Interpretability and feasibility which are also important for a recommendation will be described after the evaluation of the measurement properties. Interpretability means the degree to which qualitative meaning can be assigned to a PROM’s quantitative score. Feasibility contains aspects of the ease of application (e.g., costs, length, ease of administration) [12].

Generating recommendations for the use of PROMs in hyperhidrosis

The included PROMs will be classified into three categories [12]:

  1. A.

    PROMs with evidence for sufficient content validity (any level) AND at least low-quality evidence for sufficient internal consistency: recommended for use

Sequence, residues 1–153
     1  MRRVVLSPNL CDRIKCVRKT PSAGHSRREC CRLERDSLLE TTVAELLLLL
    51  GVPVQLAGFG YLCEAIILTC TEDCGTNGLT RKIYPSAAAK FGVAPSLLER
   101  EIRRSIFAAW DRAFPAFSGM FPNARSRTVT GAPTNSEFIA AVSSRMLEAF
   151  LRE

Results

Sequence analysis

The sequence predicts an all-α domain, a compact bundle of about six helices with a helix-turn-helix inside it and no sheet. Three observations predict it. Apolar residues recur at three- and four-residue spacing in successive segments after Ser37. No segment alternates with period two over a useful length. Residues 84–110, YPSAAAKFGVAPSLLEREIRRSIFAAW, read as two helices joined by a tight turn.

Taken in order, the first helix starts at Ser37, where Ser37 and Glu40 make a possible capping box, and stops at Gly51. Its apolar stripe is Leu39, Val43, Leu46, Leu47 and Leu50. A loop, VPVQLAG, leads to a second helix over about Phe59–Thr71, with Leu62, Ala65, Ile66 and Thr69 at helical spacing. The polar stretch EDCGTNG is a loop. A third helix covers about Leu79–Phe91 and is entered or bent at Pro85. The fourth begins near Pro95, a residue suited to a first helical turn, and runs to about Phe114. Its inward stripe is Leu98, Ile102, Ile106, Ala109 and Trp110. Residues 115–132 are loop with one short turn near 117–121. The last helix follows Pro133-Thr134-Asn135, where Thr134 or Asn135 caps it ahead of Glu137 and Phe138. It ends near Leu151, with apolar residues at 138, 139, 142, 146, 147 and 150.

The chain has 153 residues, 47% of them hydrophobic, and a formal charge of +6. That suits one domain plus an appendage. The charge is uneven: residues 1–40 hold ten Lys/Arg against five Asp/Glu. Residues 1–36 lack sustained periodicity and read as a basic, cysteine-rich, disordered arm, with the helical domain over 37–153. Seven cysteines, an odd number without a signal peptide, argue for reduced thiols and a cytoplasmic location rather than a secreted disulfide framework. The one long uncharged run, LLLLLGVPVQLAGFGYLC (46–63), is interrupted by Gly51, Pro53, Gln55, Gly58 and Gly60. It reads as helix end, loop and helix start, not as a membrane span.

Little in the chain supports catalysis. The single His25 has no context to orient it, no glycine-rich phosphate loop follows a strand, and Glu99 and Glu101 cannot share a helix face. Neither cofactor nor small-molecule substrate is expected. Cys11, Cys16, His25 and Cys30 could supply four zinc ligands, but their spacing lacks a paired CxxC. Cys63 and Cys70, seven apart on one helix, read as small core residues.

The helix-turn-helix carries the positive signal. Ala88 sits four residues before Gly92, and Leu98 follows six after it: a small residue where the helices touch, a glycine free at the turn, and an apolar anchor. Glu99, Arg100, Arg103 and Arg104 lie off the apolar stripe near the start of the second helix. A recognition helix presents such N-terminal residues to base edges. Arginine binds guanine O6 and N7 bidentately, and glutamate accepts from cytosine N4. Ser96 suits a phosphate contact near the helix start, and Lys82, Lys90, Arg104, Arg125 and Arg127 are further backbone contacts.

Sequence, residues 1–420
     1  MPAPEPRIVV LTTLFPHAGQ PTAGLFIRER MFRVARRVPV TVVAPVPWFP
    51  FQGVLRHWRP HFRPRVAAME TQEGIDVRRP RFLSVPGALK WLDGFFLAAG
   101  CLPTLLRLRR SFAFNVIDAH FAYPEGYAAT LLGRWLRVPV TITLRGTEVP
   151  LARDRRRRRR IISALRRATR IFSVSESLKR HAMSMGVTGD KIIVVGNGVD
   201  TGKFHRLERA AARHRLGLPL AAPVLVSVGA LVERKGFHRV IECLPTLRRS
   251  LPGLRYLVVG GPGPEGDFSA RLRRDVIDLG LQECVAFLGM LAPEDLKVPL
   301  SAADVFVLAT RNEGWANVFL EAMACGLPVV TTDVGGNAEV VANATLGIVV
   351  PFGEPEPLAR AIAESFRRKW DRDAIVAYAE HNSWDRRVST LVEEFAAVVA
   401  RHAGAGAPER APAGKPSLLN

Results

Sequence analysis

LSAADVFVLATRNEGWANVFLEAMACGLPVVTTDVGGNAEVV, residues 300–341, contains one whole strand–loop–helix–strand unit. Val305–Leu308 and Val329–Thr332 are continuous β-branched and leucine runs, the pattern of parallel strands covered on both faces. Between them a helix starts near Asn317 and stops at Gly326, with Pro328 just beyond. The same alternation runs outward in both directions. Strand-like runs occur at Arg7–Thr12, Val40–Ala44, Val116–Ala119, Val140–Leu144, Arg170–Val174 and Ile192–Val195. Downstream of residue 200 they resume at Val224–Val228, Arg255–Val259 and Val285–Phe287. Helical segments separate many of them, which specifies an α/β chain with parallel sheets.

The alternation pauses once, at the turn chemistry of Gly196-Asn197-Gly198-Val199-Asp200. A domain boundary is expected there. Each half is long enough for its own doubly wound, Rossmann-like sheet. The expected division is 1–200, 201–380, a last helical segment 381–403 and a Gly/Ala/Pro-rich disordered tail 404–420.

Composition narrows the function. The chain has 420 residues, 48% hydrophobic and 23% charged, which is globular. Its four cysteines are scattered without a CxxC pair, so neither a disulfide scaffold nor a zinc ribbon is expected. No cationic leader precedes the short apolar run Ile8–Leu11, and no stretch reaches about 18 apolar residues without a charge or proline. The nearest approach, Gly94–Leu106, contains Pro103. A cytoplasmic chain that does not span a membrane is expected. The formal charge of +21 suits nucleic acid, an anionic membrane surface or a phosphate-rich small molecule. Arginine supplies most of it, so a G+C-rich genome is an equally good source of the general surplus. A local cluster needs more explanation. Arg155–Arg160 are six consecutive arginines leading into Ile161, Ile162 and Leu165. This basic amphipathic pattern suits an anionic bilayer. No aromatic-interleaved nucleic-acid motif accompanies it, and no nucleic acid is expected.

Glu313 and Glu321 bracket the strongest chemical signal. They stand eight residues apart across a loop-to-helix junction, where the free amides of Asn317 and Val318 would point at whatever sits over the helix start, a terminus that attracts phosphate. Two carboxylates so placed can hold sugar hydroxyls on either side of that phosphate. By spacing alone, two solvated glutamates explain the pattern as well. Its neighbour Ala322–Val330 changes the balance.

2. B.

    PROMs categorized not in A or C: further validation needed

  3. C.

    PROMs with high-quality evidence for an insufficient measurement property: should not be recommended for use

If only PROMs of category B will be found, the PROM with the best evidence for content validity can be preliminarily recommended for use, until further evidence is given [12].

Discussion